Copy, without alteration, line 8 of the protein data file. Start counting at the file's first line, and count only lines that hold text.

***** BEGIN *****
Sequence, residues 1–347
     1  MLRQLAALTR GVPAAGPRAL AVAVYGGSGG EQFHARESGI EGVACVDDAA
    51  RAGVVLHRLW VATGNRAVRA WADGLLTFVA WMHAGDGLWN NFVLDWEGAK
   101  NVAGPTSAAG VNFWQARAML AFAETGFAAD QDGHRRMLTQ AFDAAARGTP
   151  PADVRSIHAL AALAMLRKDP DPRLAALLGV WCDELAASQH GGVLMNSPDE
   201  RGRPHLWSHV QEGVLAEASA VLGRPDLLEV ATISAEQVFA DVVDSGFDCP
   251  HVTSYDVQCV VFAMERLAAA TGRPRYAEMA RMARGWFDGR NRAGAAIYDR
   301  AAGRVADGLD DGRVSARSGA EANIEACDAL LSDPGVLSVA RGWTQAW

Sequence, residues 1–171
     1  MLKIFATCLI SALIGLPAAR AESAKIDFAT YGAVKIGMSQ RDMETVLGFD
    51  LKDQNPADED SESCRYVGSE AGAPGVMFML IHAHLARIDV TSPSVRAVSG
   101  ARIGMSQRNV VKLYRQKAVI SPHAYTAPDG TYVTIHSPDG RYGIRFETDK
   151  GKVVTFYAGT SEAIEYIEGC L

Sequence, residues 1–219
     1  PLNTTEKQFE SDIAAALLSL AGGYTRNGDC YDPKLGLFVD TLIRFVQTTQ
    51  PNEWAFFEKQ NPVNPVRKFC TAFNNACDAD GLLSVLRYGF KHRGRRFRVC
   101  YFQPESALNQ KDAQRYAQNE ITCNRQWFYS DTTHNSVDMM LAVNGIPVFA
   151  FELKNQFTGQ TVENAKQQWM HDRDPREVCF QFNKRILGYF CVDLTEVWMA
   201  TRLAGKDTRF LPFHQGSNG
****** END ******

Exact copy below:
   301  AAGRVADGLD DGRVSARSGA EANIEACDAL LSDPGVLSVA RGWTQAW